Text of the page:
Updated: Dec 29, 2021
here once was a time when I would start a class seated or even standing and there would be uproar. Very polite yoga uproar, like when you’re in Waitrose and they’ve run out of hummus. We’re creatures of habit and this gives us a sense of knowing and safety. I’ve learnt through teaching and my Craniosacral Therapy practice that inviting and giving permission for people to lay and be still is a powerful tool, when so much of our lives is directed to ‘doing.’ In class from stillness we ascend, becoming more active sharing our presence with those we practice with. It really is a group effort, every moment you’re contributing to yourself and the strength of our community.
The first moments of class are significant in setting the scene, to understand your body and your intentions. Body Therapist Moshe Feldenkrais said You can’t do what you want until you know what you’re doing. Bessel Van Der Kolk backed this up commenting The implications are clear; to feel present you have to know where you are and be aware of what is going on with you. At the moment there is probably a lot we're juggling and it's important to acknowledge and recognise how it's making us feel.
We must learn to become and interested curious observer. Craniosacral Therapist Steve Haines.
When we approach with curiosity and compassion, we are directing our intention towards discovery. There’s potential for self-care and self-regulation providing ample time and space for the body to reshape and release to maintain an internal equilibrium. Don’t let your mind take over the sensation. The brain likes to interpret, make sense, add a narrative. Don’t drift off to some far away dreamy cloud. We will always have to return to our body so we should feel safe within it. It might be hard, it may feel uncomfortable, it takes practice.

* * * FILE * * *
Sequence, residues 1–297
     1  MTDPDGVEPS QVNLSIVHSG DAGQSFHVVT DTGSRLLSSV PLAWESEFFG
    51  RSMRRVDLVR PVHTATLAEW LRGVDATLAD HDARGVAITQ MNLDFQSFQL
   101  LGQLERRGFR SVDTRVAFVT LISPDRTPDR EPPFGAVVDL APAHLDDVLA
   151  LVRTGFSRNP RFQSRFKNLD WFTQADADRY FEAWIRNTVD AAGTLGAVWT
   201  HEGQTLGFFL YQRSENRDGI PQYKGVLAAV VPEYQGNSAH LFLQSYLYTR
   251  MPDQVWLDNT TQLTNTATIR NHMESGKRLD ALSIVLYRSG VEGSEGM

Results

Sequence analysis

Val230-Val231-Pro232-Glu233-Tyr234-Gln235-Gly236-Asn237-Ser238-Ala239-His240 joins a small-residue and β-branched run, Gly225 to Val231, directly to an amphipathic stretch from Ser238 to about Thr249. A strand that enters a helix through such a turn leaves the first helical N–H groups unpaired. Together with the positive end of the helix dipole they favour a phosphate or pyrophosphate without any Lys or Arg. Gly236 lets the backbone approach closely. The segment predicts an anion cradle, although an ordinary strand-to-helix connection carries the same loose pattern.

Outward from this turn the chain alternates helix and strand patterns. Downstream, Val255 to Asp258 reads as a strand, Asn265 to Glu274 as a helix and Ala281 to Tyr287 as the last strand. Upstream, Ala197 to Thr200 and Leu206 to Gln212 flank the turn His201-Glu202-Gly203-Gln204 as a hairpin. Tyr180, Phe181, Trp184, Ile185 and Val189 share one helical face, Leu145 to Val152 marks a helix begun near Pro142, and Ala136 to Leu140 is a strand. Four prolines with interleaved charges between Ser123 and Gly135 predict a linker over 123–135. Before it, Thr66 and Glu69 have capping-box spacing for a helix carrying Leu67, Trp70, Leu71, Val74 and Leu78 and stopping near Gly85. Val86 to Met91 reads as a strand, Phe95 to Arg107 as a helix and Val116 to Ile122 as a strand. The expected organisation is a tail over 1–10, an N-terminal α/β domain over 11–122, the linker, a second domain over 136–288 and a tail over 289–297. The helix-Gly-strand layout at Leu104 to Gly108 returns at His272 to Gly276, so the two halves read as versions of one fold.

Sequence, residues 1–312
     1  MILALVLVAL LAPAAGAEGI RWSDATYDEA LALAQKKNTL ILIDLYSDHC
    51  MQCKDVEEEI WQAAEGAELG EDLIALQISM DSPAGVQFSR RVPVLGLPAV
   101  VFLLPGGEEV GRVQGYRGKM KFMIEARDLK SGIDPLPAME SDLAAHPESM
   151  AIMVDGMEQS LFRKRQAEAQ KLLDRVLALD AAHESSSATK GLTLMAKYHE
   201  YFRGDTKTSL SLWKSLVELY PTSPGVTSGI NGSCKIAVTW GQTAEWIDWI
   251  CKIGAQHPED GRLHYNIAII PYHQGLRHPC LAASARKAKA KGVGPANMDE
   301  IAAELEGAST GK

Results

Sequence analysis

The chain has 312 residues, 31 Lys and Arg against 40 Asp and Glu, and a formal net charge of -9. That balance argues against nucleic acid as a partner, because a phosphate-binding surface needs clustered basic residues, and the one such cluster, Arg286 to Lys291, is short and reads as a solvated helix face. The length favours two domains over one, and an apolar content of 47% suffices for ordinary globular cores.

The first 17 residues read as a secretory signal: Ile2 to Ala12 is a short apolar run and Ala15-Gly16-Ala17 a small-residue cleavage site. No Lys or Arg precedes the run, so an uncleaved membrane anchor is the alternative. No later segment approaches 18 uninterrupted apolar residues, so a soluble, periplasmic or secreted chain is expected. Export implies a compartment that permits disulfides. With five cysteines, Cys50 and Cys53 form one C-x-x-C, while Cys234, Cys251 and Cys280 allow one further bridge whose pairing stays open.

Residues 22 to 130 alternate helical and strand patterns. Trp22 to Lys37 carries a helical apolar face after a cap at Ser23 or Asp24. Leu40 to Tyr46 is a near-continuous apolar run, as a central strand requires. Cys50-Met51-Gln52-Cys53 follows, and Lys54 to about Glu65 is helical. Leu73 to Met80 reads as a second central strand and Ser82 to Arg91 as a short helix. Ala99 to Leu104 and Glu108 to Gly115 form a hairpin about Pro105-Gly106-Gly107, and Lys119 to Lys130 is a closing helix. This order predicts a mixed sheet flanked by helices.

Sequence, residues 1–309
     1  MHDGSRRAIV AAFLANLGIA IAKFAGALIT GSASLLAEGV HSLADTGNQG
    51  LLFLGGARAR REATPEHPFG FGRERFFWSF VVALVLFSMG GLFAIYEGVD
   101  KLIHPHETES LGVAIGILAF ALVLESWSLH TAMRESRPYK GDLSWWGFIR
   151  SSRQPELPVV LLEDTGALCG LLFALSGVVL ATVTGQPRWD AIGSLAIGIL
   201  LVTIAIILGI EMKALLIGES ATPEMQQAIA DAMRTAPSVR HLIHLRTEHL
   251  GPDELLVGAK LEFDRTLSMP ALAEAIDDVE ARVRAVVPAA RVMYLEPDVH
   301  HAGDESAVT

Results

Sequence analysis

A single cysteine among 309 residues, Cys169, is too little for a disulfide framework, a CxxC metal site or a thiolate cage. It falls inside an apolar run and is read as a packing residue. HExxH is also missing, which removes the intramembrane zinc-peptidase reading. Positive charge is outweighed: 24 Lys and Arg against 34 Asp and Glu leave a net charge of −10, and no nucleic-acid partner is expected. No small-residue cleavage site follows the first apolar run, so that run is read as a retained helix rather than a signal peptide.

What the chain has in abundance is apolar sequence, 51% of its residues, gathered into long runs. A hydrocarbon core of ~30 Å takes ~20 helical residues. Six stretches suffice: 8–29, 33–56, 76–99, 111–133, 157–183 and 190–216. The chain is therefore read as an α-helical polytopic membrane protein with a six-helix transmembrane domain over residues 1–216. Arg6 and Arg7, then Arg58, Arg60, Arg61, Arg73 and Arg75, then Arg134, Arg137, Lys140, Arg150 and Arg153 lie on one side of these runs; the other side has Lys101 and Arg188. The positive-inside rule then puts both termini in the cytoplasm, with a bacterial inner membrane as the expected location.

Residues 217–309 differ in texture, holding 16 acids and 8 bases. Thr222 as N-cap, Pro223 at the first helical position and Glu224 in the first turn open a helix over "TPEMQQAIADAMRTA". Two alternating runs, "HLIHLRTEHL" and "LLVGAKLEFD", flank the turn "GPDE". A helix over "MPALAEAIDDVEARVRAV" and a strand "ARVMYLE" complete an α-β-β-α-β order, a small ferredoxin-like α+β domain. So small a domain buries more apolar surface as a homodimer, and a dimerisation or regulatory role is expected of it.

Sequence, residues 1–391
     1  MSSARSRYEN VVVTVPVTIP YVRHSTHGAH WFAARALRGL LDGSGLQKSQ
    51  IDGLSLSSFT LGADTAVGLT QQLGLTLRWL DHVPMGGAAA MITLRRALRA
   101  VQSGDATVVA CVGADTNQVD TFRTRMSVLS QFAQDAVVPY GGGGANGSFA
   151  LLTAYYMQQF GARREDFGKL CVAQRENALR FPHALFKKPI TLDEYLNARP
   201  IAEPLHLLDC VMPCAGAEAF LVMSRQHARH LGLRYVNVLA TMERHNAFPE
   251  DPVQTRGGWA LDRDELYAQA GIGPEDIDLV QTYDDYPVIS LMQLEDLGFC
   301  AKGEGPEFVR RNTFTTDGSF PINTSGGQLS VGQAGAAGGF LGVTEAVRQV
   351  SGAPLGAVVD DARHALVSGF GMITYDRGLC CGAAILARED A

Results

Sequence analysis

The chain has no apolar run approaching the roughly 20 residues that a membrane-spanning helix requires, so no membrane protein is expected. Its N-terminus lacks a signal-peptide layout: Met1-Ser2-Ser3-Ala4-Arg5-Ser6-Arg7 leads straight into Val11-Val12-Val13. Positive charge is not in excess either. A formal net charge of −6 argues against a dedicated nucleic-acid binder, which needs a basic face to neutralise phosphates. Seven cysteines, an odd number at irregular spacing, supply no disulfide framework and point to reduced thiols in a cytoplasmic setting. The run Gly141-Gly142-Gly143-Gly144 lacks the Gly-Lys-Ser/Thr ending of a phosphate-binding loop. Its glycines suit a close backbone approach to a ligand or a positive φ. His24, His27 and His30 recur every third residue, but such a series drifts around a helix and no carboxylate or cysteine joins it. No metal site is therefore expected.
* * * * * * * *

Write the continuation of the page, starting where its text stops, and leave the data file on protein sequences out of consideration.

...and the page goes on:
If we notice our breath we are in the present because we can’t breathe in the future or past. Anon.
We ground, we breathe, we feel and then we roll our heads. Remember way back that the neck is involved in a viscous cycle with the part of the brain which transmits messages of stress. When we are stressed the brain tells the neck muscles to tighten and when the muscles tighten it tells the brain we’re stressed. Notice how far you can go. Notice if one side is easier than the other. Feel the stretches and pulls.
Routine is safety. From this safety we are then able to commence our journey, flow, rotations, folds, twists, multi directional movements through space, coordinate, where we never know what’s coming next but that’s ok because we’re present and supported.
Our focus internalises, we're drawn in. We're released from the brain's overwhelming tendency to overthink, judge, rationalise, to draw on our history and memories. We're in the moment, time flies by and we arrive to poses but how did we get there?
We slowly and smoothly descend. How’s your neck? Feel the difference as you roll the head side to side. Have we broken that stress cycle? Our relaxation is a form of meditation but I don’t like to use that work as it often connotation of religion but know that our relaxation is a very active process. It involves us again being present, returning to be the curious observer. Knowing there’s no right or wrong and letting our body do whatever it needs to do to recover.
It’s as if the body is made up of sand and the movement of the ocean is reshaping, and smoothing out the contours. Haines
When we arrive to sitting, there’s been a shift, we feel a change. We know we’ve done the work, we have been on a journey, we have explored our internal body; we've regulated the nervous system, felt the patterns, connections, interactions and the challenges. We have rebooted, replenished and revitalised our inner processes. We have expanded and embraced presence and this will continue with us.
When we let ourselves feel, our inner self transforms….our outer world transforms. Van Der Kolk